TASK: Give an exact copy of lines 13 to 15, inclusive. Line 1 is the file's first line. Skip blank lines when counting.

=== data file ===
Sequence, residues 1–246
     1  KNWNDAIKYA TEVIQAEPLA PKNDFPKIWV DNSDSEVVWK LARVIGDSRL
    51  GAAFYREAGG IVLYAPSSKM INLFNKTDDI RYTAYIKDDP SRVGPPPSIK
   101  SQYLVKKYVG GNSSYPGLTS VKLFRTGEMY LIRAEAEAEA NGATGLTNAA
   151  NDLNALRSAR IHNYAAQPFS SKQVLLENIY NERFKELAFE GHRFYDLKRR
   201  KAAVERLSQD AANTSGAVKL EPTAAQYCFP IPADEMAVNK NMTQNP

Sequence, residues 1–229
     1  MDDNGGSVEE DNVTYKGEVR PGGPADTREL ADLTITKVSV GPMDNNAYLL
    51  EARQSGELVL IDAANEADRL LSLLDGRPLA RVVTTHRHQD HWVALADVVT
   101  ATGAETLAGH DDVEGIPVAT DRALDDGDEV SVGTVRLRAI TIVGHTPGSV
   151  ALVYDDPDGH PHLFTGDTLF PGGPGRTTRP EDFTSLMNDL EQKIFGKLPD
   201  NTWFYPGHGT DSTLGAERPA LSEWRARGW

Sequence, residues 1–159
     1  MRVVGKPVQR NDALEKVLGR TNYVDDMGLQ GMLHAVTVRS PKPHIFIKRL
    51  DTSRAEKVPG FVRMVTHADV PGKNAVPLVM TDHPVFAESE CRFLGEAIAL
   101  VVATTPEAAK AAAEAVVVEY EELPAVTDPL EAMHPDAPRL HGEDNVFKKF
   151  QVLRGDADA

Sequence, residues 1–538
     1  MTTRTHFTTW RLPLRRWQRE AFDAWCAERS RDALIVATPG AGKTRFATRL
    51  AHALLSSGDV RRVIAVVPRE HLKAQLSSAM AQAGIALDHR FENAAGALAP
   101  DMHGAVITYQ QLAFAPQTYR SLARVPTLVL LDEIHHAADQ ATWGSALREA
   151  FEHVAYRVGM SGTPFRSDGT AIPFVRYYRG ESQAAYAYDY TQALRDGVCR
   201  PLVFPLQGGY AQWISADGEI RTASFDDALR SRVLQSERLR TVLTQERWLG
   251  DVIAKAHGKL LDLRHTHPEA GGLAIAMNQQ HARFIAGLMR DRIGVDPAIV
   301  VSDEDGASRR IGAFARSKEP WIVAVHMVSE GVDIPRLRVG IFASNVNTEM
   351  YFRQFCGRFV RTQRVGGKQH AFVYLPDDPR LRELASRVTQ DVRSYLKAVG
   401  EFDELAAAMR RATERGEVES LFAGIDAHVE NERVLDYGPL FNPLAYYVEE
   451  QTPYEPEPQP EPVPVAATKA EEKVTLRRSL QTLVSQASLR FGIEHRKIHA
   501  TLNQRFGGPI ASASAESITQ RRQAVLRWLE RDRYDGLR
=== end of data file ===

Sequence, residues 1–159
     1  MRVVGKPVQR NDALEKVLGR TNYVDDMGLQ GMLHAVTVRS PKPHIFIKRL
    51  DTSRAEKVPG FVRMVTHADV PGKNAVPLVM TDHPVFAESE CRFLGEAIAL